Industrial-Strength Distributism

Some critics charge that Distributism is only suitable for small-scale and primitive economies, or "back-to-the-farm" movements. It is quite true that Distributists would like to see more small-scale and distributed production, including farm production. However, it has been known for quite some time now that Distributism works on large manufacturing, financial, and distribution firms. In fact, one of the advantages of Distributism is it "scalability." It works on both the small scale and the large.

The final proof of this is actual, large-scale firms built on Distributist principles, which are far more common than is generally known. But the grand-daddy of them all is the Mondragon Cooperative Corporation of Spain, an industrial complex of worker-owners inspired by the Basque priest, Fr. Jose Arrizmendiarieta. Rich Aleman brought this film to my attention, a film which gives an overview of the Mondragon operations. Here it is, in two parts:


Bsdouglass Thursday, July 24, 2008 at 8:25:00 PM CDT  

I love using Mondragon as an example against those who say distributism is outdated and useless. While in Spain, I had the pleasure of supporting them by shopping at Eroski supermarkets. They also have travel agents and gas stations. Very good shopping.

Viking Friday, July 25, 2008 at 10:41:00 AM CDT  

I have a simple question: to what extent is Mondragon Spanish and to what extent Basque, does anyone know? I'm wondering, if mainly the latter, if there might be cultural predispositions that might make it difficult to duplicate elsewhere.


Bsdouglass Monday, July 28, 2008 at 6:59:00 AM CDT  

Well, I've seen them in and around Madrid and in Cordoba, so that's pretty far from the Bosque Country (never been that far North in Spain myself). Not sure organizationally, though, how "Bosque" they are.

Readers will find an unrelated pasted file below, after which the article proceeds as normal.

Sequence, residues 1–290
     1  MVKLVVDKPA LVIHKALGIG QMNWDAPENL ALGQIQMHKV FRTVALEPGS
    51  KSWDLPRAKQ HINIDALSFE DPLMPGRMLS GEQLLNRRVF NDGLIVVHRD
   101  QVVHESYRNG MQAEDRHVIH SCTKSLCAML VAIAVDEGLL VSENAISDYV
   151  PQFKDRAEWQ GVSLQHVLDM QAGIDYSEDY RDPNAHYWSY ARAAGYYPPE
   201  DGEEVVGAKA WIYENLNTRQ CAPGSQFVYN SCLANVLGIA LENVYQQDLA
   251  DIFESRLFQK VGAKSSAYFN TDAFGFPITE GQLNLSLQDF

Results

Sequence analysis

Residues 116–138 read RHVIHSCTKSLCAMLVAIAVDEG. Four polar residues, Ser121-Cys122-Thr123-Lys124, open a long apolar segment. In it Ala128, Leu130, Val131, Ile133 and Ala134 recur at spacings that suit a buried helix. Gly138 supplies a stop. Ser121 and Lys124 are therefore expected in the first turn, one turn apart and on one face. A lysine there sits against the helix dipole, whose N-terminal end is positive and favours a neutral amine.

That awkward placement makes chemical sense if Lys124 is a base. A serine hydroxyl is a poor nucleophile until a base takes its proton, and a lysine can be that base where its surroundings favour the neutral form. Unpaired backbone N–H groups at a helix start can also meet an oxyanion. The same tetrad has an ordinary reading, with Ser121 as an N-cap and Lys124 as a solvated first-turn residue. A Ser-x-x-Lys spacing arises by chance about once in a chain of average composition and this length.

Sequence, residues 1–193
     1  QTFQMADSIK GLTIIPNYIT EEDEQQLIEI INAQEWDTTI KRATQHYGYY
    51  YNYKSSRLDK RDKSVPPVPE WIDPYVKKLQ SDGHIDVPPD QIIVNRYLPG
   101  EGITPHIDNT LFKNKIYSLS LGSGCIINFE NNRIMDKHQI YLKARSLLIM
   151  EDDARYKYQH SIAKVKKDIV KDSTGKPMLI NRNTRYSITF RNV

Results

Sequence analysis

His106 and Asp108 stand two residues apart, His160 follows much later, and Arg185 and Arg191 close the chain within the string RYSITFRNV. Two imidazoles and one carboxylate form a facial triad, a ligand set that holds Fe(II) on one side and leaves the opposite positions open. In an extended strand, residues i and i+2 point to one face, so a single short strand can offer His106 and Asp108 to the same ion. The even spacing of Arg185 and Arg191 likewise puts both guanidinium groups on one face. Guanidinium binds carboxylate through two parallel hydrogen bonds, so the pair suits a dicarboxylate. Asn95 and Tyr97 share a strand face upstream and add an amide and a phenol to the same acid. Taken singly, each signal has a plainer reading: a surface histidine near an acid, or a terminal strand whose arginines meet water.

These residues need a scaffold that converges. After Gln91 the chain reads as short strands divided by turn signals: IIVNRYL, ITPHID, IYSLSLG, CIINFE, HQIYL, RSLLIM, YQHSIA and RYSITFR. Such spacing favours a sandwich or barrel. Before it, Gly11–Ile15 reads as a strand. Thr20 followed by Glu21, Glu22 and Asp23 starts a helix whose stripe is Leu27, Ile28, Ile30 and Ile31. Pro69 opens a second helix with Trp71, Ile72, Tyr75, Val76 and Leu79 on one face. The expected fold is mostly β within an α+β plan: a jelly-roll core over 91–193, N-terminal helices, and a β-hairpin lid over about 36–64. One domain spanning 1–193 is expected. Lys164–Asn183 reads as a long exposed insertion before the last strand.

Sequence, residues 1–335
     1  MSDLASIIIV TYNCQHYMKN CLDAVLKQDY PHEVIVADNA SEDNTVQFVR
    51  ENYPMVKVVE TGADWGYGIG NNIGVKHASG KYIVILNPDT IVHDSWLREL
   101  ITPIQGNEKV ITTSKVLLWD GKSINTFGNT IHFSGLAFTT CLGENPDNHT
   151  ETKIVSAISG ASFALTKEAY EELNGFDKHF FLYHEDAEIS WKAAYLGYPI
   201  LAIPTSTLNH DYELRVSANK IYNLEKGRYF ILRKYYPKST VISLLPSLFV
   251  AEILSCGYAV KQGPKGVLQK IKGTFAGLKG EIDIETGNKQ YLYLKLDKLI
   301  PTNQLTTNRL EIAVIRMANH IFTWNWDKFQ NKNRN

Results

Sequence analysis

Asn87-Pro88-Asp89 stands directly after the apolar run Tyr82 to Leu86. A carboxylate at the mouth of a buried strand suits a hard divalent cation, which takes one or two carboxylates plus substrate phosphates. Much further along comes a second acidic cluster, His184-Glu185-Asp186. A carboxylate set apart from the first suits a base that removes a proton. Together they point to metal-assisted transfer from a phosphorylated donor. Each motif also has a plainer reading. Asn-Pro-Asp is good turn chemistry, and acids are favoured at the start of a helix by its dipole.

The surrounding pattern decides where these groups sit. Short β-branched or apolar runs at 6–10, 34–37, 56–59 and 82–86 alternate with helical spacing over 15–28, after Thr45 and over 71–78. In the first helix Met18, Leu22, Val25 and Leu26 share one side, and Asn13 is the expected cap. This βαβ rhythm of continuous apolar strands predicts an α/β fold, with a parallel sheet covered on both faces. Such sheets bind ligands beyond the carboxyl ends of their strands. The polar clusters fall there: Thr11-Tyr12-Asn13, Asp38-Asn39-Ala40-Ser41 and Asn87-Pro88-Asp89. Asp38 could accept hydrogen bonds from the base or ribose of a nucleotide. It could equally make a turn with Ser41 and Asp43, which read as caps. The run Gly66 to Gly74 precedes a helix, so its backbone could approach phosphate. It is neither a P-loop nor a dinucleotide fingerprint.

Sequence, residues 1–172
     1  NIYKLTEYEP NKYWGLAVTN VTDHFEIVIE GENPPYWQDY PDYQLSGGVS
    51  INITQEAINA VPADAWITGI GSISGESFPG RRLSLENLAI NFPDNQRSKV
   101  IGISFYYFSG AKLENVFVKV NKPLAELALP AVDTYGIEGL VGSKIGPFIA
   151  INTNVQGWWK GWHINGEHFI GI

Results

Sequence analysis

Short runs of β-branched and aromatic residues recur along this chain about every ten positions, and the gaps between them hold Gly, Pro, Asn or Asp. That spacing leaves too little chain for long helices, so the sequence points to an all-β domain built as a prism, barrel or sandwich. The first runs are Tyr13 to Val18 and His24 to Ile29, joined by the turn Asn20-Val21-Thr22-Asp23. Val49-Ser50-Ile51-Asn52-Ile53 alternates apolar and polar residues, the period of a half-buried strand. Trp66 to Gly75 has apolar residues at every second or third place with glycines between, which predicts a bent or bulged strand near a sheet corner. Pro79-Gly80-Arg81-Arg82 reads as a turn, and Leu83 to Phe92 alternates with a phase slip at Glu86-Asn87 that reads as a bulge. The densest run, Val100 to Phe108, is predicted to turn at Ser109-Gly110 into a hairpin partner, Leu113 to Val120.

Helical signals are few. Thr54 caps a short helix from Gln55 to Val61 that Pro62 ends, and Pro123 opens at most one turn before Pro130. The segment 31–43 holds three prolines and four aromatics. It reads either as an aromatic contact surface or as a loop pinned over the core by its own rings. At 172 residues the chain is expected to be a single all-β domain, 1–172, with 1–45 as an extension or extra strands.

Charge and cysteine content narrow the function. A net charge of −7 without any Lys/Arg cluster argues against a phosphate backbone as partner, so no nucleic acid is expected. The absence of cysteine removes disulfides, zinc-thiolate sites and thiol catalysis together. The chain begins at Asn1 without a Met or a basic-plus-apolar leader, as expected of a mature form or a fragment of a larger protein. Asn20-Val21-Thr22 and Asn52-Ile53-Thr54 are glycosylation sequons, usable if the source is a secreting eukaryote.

Richard Aleman Monday, July 28, 2008 at 12:30:00 PM CDT  

I can answer that question. First and foremost, while the Basque, as well as the Catalan, have separate identities from the Andalusian or Castilian cultures and language, the identity of the Basque as a culture does not thus make it so distinct from the others as to make Mondragon uniquely successful.

Quite honestly, Fr. Arizmendiarrieta had a good idea of boosting the Basque economy and few imitated this in Spain, generally.

What one could argue, is that due to the lackluster economy in the Basque region (versus the Galician fishery market, or the Valencian agricultural one), that they had to think up a way to remain competitive against the economic powerhouses of Madrid and Barcelona.

The answer is probably more complex than I have room for, but in my opinion, a cooperative of this sort could work in Barcelona (Catalunya in general) or in Seville. One example of the cooperative is the nearby Confcooperative in Emilia-Romagna (Bologna, Italy) that is proving to be another prime cooperative structure in Europe.

John Médaille Tuesday, July 29, 2008 at 10:58:00 AM CDT  

Viking, I think the cultural element is important. The Basques are a unified community and have resisted rulers and invaders and maintained their rather strange language for millenia. They have resisted the Celts, the Carthaginians, the Romans, the Goths, the Moors, the Spanish, the Fascists, and the French.